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If you want to be good at something, first you’ve got to be bad

Diagram of football (soccer) field strategy
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There’s a simple truth in life that I have encountered too many times to count… If I want to be any good at anything, first of all, I have to be willing to be bad at it. Learning and skill development are processes, not instant-gratification. So, instead of giving up on something if I don’t execute it perfectly the first time I try, I’ve learned that persistance counts for far more than “natural” talent. And one of the brilliant things about we humans is that we can learn how to stick with being bad at something long enough to become good at it.

Insta-success usually isn’t

It seems like the ultimate claim to fame is being “a natural”. Think of how often you see praise for someone’s “freakish” ability or their “genius”; those people who bust onto the scene with fully-developed talent. Almost no one talks about how hard they have worked for their achievements. An accomplishment that looks effortless is valued over the daily toil of practising a skill over and over in order to become great.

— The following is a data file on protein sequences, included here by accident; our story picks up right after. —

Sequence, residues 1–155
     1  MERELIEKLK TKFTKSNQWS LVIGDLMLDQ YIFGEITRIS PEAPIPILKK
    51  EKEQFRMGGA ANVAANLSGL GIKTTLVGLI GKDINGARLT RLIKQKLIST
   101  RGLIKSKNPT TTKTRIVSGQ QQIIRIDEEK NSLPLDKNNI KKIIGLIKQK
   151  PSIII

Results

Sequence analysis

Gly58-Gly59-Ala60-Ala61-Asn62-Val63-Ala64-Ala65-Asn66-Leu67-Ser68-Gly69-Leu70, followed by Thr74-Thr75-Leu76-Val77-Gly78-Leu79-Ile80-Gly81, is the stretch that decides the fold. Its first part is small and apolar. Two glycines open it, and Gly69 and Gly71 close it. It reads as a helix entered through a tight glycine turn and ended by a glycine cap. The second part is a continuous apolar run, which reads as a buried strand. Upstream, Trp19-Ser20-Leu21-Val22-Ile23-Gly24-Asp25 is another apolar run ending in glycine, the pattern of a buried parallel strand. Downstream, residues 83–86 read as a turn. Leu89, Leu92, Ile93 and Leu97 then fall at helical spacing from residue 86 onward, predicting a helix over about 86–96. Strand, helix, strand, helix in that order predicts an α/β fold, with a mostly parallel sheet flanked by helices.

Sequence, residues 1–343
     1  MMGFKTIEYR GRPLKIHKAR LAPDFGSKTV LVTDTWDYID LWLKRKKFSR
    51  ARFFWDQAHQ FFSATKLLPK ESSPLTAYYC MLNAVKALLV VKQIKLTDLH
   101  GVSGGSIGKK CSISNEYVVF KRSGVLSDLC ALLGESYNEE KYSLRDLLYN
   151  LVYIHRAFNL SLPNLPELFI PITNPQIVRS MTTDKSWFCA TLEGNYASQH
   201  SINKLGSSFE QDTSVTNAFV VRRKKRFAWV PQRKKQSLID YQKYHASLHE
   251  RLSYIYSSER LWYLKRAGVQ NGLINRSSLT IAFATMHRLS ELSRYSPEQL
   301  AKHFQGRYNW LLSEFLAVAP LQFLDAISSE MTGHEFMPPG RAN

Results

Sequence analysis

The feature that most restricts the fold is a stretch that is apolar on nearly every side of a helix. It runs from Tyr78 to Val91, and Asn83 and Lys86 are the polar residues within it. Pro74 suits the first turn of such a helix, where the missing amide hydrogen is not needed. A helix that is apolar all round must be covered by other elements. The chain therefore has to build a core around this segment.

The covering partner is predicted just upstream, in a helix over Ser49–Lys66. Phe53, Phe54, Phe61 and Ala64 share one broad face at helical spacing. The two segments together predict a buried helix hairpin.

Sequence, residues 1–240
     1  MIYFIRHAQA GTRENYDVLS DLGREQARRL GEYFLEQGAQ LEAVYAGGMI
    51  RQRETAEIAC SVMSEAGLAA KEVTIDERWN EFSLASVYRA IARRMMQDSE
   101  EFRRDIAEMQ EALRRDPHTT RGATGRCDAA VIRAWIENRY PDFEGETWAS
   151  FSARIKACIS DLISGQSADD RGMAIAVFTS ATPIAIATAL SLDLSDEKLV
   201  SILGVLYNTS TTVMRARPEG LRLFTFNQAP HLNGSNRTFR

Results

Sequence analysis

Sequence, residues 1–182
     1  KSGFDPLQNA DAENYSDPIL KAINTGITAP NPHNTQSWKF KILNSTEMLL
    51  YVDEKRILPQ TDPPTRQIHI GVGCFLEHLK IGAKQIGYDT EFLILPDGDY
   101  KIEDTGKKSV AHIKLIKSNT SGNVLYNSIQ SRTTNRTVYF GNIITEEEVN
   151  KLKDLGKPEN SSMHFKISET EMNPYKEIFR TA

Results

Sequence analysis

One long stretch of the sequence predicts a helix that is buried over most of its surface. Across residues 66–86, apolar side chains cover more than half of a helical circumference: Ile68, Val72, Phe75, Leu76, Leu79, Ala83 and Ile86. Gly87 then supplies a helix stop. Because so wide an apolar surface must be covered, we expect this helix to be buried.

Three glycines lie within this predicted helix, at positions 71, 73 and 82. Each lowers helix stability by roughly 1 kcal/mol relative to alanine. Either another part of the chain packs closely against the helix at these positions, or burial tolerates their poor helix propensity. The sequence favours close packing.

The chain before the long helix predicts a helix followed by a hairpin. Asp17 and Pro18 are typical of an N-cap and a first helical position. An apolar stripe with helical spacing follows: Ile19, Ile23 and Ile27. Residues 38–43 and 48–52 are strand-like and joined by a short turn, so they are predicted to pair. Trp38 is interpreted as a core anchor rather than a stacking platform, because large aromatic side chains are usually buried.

And while the “naturals” are given accolades and adoration, it can be easy to overlook the path that got them there. Pick anyone with a world-class talent, whether sports, academia or any kind of creative pursuit. Learn a little bit about their background. You’ll almost always come across stories of many hours spent, and many mistakes made, in pursuit of their chosen skill.

Natural talent takes practice

In his book ‘Outliers’ [click “Preview” below the cover image to read an excerpt], Malcolm Gladwell popularised the notion that with 10,000 hours of practice, someone can become an expert.